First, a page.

4)     Interest rates are rising. Rising rates are not necessarily bad news for a growing economy, in fact, rising rate are to be expected. Rates are coming off abnormally low levels, so it may take longer for markets to respond. However, rising rates may have a dramatic impact, especially when one combines the Fed’s intention to raise rates at least three times in 2018, the weaker U.S. dollar (see #3), and a stronger global economic environment.i.      The reason stocks rose was because income investors could not get the income they needed from bonds. Stocks had higher yields. But now that is no longer true. 2-year Treasuries yield 2.05% and the S&P 500 now yields 1.75%. Even if companies increase their dividends, it will not offset this change.

  • The reason stocks rose was because income investors could not get the income they needed from bonds. Stocks had higher yields. But now that is no longer true. 2-year Treasuries yield 2.05% and the S&P 500 now yields 1.75%.              Even if companies increase their dividends, it will not offset this change.
  • Rates stayed low on long-term Treasuries because the Fed and other central banks purchased so much of the paper that there has been very little availability – supply was down relative to demand, forcing prices up and yields                  down. Now that the Fed has stopped its purchases and the EU is reducing its purchases, demand is going to swing the other way and this could lead to higher rates. Japan isn’t reducing their asset purchases currently, but that is              something to continue to monitor.
  • Rates being so low has kept the deficit from growing as quickly, which is lucky given just how much the deficit has grown over the past nine years. However, with rates up so dramatically on the short end, the interest on the deficit            is going to start to expand exponentially. What happens if the government funds the debt with longer maturities instead of shorter ones? Will that pressure rates higher, and if so, just how quickly does the government lose control          of the cost of their deficits?

5)     Complacency and volatility and other items. Historically, the markets have made 5% corrections about once every 9 months. However, the last time the S&P 500 had at least a 5% correction was over 14 months ago. This complacency is being mirrored by record low volatility in the markets. Both are simply two sides of the same coin. Investors are getting complacent, which reduces volatility and markets seem to only move in one direction – up.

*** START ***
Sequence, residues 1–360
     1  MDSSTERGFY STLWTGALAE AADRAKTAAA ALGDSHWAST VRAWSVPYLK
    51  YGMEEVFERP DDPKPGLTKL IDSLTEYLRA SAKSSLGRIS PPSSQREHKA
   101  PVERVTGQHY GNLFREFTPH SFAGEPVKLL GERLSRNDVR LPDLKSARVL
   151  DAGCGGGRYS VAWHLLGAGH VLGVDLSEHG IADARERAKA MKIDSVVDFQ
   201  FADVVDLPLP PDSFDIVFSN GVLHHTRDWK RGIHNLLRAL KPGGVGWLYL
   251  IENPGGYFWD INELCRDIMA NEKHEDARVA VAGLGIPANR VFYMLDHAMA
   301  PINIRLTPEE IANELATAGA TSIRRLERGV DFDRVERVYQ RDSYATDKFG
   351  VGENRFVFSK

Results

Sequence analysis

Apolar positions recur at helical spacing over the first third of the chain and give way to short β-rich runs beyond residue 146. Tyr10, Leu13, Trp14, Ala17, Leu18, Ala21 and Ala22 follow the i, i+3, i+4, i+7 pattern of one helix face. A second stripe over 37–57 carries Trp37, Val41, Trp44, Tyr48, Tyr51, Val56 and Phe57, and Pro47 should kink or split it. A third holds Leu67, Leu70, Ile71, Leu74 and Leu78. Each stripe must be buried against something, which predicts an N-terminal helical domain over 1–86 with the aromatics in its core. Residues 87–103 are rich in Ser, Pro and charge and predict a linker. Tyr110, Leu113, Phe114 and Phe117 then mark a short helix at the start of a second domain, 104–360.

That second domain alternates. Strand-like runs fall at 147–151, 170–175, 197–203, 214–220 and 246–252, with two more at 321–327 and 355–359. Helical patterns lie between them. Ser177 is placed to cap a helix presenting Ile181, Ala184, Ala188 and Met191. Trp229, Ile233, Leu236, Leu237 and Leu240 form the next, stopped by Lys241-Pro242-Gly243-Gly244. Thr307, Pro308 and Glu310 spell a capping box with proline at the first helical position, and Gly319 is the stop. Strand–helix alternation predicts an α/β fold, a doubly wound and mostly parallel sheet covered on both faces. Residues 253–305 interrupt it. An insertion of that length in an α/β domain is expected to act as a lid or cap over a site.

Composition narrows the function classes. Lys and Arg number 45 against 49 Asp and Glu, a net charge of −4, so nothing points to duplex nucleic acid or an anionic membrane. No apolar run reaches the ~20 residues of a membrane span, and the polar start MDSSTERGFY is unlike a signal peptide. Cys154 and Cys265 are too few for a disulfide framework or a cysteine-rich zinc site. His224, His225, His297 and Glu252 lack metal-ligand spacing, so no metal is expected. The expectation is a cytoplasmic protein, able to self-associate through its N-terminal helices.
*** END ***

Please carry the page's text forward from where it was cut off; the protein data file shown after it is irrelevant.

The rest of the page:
At the same time, there is record leverage in the stock market ($580 billion in November 2017), Advisor Sentiment is at the highest level of bullishness in 30 years (since April 1986), and the contrarian indicator the percentage of bearish advisors is the lowest since February 1987.

None of this can predict when the markets will turn, but what they can, and almost do assure, is that when a turn happens, it will be violent. Investors are not prepared for weaker markets and so are likely to panic when markets get weak. This will then get exacerbated by the huge leverage in the system which will lead to lower lows and quickly.

Our Intended Flight Path (or as we like to say) The Bottom Line…

Given the economy is strong globally and lower taxes, the economy should continue to do well. The weak dollar and growing trade friction along with rising interest rates are the potential fly in the ointment and need to be watched closely.

In order to not fly too close to the sun, we are not letting portfolios get too aggressive, using a number of techniques. First, we want diversity: diversity by asset class and positions. In equity-only portfolios we have been increasing cash on the sideline as money market funds are now yielding over 1%, as a way to protect from any quick retracements. In addition, we are holding higher than normal number of positions, again, to provide protection from surprises.

In fixed income -only accounts we have reduced the average duration of portfolios to under 3 years and have added bonds that have floating rates – rates that rise as short- term interest rates rise. We are sticking with investment grade corporate bonds and typically positions are 3%-4% each.

Finally, we are diversifying by strategy. We are utilizing both growth-focused and value-focused investment strategies, so that we 1) do not become complacent; 2) have securities that typically have low correlations which each other (they don’t all go up and down at the same time under normal circumstances); and 3) some provide more appreciation potential and others a combination of some appreciation and some current yield. Our portfolios that combine these strategies are currently yielding close to 2.8% – well above treasury yields and the yield on the S&P 500.

So far this seems to be working well. Portfolios are up strongly and yet we are not 100% invested, giving clients a little extra protection. We look forward to reporting our progress in April.

Alan E. Rosenfield

January 29, 2018